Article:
Gøtzsche was subsequently expelled by the Cochrane governing board, with the board insisting his removal was due to “repeated misuse of official letterhead to espouse personal views” and not due to his criticism of Cochrane’s HPV review.25 Four board members (Dr. Gerald Gartlehner, David Hammerstein Mintz, Joerg Meerpohl and Nancy Santesso) resigned in protest of Gotzsche’s removal from the governing board.26
As it stands, Demasi suggests Cochrane may be a sinking ship, one that’s continuing its tradition of succumbing to pressure over controversial scientific conclusions, even if they’re sound. Jefferson, meanwhile, told Demasi that the editor’s attack on the mask study may backfire:27
“I think Soares-Weiser has made a colossal mistake. It sends the message that Cochrane can be pressured by reporters to change their reviews. People might think, if they don’t like what they read in a Cochrane review because it contradicts their dogma, then they can compel Cochrane to change the review. It has set a dangerous precedent.”
- 1, 20, 23 Children’s Health Defense June 5, 2018
- 2 Cochrane Database of Systematic Reviews, About
- 3, 5 Cochrane Database of Systematic Reviews, Physical interventions to interrupt or reduce the spread of respiratory viruses, January 30, 2023
- 4 Cochrane Database of Systematic Reviews, Physical interventions to interrupt or reduce the spread of […], January 30, 2023, Version History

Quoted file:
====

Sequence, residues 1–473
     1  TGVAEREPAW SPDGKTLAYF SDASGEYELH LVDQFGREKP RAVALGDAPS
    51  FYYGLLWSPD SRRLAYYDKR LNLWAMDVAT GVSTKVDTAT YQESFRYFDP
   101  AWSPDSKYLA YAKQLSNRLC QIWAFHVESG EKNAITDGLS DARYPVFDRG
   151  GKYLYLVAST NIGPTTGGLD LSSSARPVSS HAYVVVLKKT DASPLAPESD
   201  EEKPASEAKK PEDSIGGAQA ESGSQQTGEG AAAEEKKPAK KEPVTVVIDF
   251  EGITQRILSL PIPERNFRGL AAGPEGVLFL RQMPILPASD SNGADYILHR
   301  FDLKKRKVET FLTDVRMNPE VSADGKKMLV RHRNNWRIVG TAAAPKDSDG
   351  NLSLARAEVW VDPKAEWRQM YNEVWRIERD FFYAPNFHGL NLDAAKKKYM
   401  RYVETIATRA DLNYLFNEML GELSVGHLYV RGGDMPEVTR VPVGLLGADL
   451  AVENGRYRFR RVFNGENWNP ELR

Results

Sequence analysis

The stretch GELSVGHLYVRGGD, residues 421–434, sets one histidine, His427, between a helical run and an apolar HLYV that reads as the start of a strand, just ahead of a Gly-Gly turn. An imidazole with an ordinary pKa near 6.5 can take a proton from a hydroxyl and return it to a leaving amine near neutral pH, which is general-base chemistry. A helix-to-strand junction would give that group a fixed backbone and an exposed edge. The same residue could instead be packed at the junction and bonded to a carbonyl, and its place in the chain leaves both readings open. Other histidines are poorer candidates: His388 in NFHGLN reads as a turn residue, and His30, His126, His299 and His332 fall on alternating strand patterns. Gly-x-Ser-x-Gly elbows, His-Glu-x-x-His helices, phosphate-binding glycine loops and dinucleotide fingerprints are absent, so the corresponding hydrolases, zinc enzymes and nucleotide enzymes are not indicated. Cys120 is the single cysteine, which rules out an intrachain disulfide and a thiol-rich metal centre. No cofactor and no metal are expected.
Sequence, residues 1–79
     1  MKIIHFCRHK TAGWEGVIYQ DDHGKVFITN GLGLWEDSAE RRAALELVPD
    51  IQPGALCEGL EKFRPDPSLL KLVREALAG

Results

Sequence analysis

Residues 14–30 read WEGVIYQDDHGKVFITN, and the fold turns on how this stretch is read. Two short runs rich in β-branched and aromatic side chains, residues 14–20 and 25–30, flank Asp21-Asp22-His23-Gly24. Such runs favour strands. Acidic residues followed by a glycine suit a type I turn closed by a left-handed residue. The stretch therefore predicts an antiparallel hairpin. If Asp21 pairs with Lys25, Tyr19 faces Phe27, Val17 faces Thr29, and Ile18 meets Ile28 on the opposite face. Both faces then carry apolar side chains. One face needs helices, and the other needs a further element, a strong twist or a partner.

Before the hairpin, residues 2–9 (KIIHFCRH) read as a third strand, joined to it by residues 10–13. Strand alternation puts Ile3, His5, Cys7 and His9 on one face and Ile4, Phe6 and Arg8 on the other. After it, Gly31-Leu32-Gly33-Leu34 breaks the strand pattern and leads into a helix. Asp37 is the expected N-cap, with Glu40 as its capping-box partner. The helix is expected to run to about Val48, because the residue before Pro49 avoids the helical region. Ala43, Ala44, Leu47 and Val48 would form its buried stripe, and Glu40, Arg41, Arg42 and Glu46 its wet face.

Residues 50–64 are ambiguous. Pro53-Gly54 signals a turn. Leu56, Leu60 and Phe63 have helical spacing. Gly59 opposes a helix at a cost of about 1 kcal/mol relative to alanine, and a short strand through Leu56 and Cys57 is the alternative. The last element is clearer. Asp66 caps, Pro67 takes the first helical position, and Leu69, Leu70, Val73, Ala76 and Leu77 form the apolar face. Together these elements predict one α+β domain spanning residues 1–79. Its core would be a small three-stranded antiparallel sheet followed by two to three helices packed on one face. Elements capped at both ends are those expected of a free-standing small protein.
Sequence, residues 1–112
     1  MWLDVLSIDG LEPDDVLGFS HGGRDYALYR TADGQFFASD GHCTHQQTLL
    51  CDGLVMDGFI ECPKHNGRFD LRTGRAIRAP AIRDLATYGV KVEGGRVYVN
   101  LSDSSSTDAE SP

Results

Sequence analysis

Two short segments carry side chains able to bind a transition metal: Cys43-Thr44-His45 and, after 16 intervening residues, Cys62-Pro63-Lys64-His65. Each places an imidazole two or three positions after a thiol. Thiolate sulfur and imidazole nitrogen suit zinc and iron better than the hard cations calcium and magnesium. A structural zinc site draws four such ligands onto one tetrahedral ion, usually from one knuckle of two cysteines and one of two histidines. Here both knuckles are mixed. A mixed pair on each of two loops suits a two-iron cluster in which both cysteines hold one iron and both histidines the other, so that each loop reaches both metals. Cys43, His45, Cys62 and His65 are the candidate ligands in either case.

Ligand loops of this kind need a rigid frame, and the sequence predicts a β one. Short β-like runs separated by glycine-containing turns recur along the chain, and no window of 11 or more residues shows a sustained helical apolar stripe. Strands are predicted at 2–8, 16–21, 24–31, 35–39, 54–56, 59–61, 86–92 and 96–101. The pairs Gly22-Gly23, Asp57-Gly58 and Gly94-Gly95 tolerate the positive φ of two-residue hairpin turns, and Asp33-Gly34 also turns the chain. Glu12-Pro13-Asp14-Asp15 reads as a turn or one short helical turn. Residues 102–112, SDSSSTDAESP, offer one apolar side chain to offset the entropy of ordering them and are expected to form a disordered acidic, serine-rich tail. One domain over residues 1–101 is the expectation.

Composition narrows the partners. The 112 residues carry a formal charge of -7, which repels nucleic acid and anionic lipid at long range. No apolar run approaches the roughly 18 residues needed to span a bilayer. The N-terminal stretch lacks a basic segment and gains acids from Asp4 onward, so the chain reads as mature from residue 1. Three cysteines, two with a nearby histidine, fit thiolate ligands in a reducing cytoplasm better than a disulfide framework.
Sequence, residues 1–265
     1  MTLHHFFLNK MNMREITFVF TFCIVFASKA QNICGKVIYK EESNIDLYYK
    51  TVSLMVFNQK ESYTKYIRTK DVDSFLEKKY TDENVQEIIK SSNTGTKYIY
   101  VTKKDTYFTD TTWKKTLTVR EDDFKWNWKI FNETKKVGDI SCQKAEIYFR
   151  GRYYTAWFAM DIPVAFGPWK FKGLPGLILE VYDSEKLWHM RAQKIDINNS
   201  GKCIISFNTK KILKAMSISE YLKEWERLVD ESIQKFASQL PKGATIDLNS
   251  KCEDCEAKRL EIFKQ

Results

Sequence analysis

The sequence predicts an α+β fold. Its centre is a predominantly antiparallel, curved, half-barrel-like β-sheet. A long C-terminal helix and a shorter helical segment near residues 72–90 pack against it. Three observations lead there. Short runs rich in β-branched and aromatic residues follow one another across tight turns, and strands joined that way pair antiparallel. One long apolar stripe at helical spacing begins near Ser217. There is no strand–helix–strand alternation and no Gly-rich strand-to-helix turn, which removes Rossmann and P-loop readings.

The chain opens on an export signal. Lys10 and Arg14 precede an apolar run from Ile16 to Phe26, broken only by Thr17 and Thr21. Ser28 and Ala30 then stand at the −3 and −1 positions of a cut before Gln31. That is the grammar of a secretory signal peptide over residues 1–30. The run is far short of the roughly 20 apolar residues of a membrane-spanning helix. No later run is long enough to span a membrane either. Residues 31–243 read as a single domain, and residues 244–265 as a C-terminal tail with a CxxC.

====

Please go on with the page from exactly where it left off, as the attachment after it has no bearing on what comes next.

- 6 Cochrane Database of Systematic Reviews, Physical interventions to interrupt or reduce the spread of […], January 30, 2023, Plain language summary
- 7 Steve Kirsch Newsletter November 7, 2021
- 8 The New York Times March 10, 2023
- 9, 12, 13, 17, 27 Substack, Maryanne Demasi March 15, 2023
- 10 Cochrane, Statement on ‘Physical interventions to interrupt or reduce the spread of respiratory viruses’ review March 10, 2023
- 11 Twitter, Maryanne Demasi March 15, 2023
- 14, 15, 16 Substack, Maryanne Demasi February 5, 2023
- 18 Philanthropy News Digest April 3, 2009
- 19 Cochrane, Cochrane announces support of new donor, September 22, 2016
- 21 Cochrane Database Syst Rev. 2018 May 9;5(5):CD009069. doi: 10.1002/14651858.CD009069.pub3
- 22 BMJ 2018; 362 doi: https://doi.org/10.1136/bmj.k3472
- 24 BMJ Evidence-Based Medicine 2018;23:165-168
- 25 STAT News September 28, 2018
- 26 Cochrane.org September 15, 2018